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Hossam ramzy Mohammad Abdel Wahab Natasha Atlas

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AUSTRALIA - Victoria

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World: Middle East Traditional Folk: Traditional Folk Moods: Mood: Upbeat
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by Yalla!

Upbeat, traditional, vibrant , middle-eastern dance music.
Genre: World: Middle East Traditional
Release Date: 

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  Song Share Time Download
1. Gawazi
5:22 $0.99
2. Wahda Wa Noos
10:34 $0.99
3. Rampi/Tiren Gelir
7:03 $0.99
4. A Night At Katcouta
10:43 $0.99
5. Mwashshah: Lamma Bada
5:32 $0.99
6. Azizia
10:10 $0.99
7. Zaar
7:03 $0.99
8. Salamat
8:12 $0.99
Downloads are available as MP3-320 files.


Album Notes
The title refers to the gypsy people of Egypt, supposedly remnants of the gypsies of Europe and North India. The music also comes from the fellahin or country people.
I witnessed (and in Luxor played with) various mizmar ensembles often involving up to three mizmars and a tabul. This especially occurs during a moulid or celebration of a prophets birthday. I attended one of Cairo's biggest moulids, lasting two weeks, in Sayidda Zeinab. Many musical groups lived and played in brightly decorated tents on the streets (note our album cover) while the public (men and women) did zikr's (trance dances). There were also deafening Koran recitations for 16 hours a day outside my window. Earplugs didn't help! They say there is a moulid every day of the year somewhere in Egypt. P.C.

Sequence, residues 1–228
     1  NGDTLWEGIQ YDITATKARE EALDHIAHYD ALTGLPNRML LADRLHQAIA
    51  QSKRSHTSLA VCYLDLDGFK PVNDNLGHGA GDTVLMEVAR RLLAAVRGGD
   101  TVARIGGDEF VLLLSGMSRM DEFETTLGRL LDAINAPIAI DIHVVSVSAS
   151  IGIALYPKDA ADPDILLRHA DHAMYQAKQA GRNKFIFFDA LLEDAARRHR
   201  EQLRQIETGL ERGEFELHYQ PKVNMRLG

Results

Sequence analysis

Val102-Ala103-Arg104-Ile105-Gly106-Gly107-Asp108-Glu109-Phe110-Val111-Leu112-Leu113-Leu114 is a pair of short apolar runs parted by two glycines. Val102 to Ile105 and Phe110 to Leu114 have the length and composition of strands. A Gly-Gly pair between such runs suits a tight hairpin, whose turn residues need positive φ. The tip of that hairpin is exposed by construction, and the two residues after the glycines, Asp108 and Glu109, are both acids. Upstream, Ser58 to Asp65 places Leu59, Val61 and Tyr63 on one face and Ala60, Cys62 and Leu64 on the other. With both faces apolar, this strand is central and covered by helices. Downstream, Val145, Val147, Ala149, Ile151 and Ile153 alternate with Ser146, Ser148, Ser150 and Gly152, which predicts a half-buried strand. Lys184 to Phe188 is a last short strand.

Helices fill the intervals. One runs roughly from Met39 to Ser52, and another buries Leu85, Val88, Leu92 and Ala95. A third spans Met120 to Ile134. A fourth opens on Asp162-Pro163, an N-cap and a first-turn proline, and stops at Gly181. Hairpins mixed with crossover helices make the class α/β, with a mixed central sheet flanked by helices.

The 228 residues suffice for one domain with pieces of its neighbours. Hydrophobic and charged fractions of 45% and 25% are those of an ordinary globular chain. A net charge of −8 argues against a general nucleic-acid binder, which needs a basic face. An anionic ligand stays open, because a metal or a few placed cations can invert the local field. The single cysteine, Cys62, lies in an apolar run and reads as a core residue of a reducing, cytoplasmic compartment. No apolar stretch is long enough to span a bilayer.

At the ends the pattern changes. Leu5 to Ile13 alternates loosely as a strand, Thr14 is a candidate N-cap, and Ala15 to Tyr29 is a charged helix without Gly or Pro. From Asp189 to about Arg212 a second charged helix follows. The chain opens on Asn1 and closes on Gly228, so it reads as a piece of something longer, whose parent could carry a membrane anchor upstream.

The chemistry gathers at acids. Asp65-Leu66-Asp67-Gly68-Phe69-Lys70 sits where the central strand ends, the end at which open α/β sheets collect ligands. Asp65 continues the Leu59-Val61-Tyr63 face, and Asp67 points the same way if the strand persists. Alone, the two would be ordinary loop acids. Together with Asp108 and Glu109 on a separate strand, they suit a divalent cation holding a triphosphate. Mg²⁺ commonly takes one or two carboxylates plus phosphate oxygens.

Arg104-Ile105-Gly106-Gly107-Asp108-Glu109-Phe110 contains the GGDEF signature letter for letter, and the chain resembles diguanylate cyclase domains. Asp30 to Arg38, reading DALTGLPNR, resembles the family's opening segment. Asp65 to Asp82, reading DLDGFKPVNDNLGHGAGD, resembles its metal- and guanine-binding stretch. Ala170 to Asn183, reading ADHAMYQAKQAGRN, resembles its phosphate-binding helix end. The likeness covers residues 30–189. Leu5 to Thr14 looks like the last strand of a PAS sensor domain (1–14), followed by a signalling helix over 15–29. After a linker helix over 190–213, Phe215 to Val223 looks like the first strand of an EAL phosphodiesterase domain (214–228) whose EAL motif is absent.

The Gawazi dancers perform to this music in groups and follow a leader who dictates the next move or step and the shape of the formation. M.S.
Camels and horses in South dance to it
The title means 'one and a half', referring to the movement of the hips. It is dance music of the Saiidi people of Upper Egypt. I was brought into a local house in Luxor and heard this music playing while the children were dancing. Later I was taken to a street stall where I found a recording of Fikri Sawi, the "number two rebab player in Upper Egypt". This music is traditionally led by the rebab, a bow-necked lute with one or two strings. This piece begins on the maqam of rast which emotes power and masculinity. P.C.
This shaabi (folk) music is danced improvisatorally, based around impressive hip movement, gestures from the upper body and simple arm poses. M.S.

is a popular Romany (gypsy) Turkish piece. The rhythm is 9/8 or karsilama from Anatolia (central Turkey). This would be danced traditionally in a circle dance, very energetically, with lots of jumping. In Eastern Turkey I attended Kurdish weddings where I took part in these dances. It is written in the hijaz maqam, evoking joy and the desert.

Cadirimin ustune sip dede damladi
Allah canimi almadi almadi
Hey...rampi rampi masallah
Veresiye vere vere kalmadi kalmadi
Allah canimi almadi almadi

"It's dripping on my tent; she's a bad girl
She does business without cash
O, Rampi, this is the time to make love"

It segues into the traditional Turkish 2/4 tune Tiren Gelir. P.C.

This is Beledy or 'urban folk' music of Cairo. It is an improvised genre with shared musical phrases, understood by the musicians and dancers. Its drama is played as a dialogue between accordion, drum and dancer. Maria danced in the studio as we played this: truly a live performance.The piece is named after the restaraunt where Yalla! regularly play.
For the dancer this is refined and intense with subtle inner body movement. The dancer truly becomes the instrument and the dance is often performed on the spot with all gestures and dialogue expessed through different parts of the body. M.S.
It finishes with a traditional Saiidi piece (the rhythm and people are called saiidi). This is often associated with a stick dance (tahtib) where two men dance and hit sticks in a mock fight. In Cairo, this is often done by single performers and I saw audience members pay for the priviledge of dancing. Female dancers often perform a cane dance (raqs al assaya) and camels and horses are trained to dance, in time, to this music. P.C.